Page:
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United States v. Wyatt

February 4, 1971

UNITED STATES OF AMERICA, PLAINTIFF-APPELLEE,
v.
EARL WYATT, DEFENDANT-APPELLANT



Duffy, Senior Circuit Judge, and Fairchild and Kerner, Circuit Judges.

Author: Duffy

DUFFY, Senior Circuit Judge.

After a bench trial, defendant Wyatt was found guilty of receiving and concealing a stolen motor vehicle in violation of Title 18 U.S.C. ยง 2313 (The Dyer Act). He was sentenced to imprisonment for two and a half years and fined $1,000. The prison sentence was suspended and defendant was placed on a two and a half year probation.

Defendant, living with his wife and two sons, was a resident of Indianapolis, Indiana. The story leading up to his arrest on June 19, 1968 at Indianapolis is indeed bizarre.

The story begins on March 28, 1968, about two and a half months prior to defendant's arrest. On that date, Mrs. James P. Marx of El Paso, Texas, decided to rent two automobiles, one for her own use and one for the use of her friend, Florence Collins.

Mrs. Marx and Mrs. Collins went to the Hertz Corporation's rental office at El Paso International Airport where Mrs. Marx signed an agreement to rent a 1968 Ford which is the automobile in question in this case. The automobile was described as a White Ford 1968 4-door identified by Hertz as No. 255. A Texas license plate was on the automobile and it had a Hertz car company license number somewhere on the left side of the mirror and letters and ownership papers were in the glove compartment of the car.

The rental agreement (Government Exhibit 3) indicated that the rental fee was charged on a "Chevron National" credit card issued to James P. Marx. The agreement also provided that the automobile was to be returned by "3/29/68 PM" which was the day following the date of the agreement.

Mrs. Marx also executed an endorsement authorizing Mrs. Collins to drive the automobile. This endorsement also provided that Mrs. Marx was to pay all charges and would be responsible for all loss or damage incurred or sustained as a result of the use of the automobile by the additional driver.

Mrs. Collins drove the rented Ford around El Paso for two or three days. A Paul Kluck whom she had known for two or three weeks, and a couple named William Hicks and Jeannie Math whom Mrs. Collins had known briefly, drove around El Paso with Mrs. Collins, and then all of them left that city together. William Hicks testified he had been with Mrs. Collins on March 28, 1968, drinking all over El Paso and that they had used a White 1967 or 1968 Ford to get around in.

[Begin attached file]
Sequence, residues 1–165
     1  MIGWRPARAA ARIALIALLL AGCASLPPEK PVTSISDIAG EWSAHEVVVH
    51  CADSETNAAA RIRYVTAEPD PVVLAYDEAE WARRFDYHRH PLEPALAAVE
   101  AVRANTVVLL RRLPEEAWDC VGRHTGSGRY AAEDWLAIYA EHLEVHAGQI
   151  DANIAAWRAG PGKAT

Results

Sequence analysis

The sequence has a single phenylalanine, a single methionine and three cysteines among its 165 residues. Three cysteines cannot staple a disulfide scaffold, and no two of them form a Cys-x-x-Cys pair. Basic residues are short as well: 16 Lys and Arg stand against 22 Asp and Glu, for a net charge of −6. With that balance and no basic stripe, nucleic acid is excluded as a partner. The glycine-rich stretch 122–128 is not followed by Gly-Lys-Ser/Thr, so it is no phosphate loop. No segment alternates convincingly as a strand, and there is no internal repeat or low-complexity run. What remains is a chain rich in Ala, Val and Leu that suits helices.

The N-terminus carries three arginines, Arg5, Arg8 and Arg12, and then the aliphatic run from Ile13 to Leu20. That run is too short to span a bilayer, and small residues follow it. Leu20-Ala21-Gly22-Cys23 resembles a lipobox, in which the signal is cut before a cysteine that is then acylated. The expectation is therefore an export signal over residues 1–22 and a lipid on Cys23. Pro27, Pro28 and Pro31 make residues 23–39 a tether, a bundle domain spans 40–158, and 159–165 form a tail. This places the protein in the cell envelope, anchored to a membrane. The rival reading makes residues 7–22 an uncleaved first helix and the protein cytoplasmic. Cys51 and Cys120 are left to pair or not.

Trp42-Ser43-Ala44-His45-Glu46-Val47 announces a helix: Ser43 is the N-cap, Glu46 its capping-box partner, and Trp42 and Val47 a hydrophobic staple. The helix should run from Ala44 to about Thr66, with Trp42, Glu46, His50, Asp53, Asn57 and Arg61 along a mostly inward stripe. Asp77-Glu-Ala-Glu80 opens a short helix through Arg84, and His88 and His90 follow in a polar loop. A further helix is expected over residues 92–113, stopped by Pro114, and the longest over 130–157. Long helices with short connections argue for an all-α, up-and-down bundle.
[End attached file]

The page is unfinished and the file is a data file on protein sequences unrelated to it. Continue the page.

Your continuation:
It took about 24 hours for the four to drive from El Paso to Owensboro, Kentucky, where they all stayed for two or three days, and then, at the instigation of William Hicks and Jeannie Math, Mrs. Collins drove these two to Indianapolis. Paul Kluck remained in Owensboro. Mrs. Collins testified she didn't know any one in Indianapolis and intended to return to Owensboro.

The three arrived in Indianapolis on April 6, 1968. They first drove to the homes of Hicks' brother-in-law and brother. They then drove to the Brookside tavern where they spent a number of hours drinking or until the tavern was closing in the early hours of the next morning. The rented Ford was parked outside the tavern close to the entrance. Mrs. Collins testified that she left the tavern about closing time intending to return to Owensboro but that the car would not start. Two men who looked at the car reported to her that a coil of wire and some other things had been removed; also, that one of the tires was flat.

Upon hearing that the car would not run, Mrs. Collins testified she called Paul Kluck in Owensboro who told her he would call Hertz and let them know where the car was and that he would take care of it. Mrs. Collins returned to Owensboro by bus. She never again saw the car after leaving it outside the Brookside tavern.

On April 5, 1968, the El Paso police department recorded a report from Mrs. Marx that the Hertz vehicle had been stolen by Mrs. Collins. Mrs. Collins was indicted for an alleged violation of the Dyer Act. However, on November 15, 1968, the Government dismissed this indictment on the ground that evidence of the offense was inconclusive.

Nothing is known of the whereabouts or location of the automobile in question for the period of over two months after Mrs. Collins left it outside the Brookside tavern. However, on June 19, 1968 it was seen in ...


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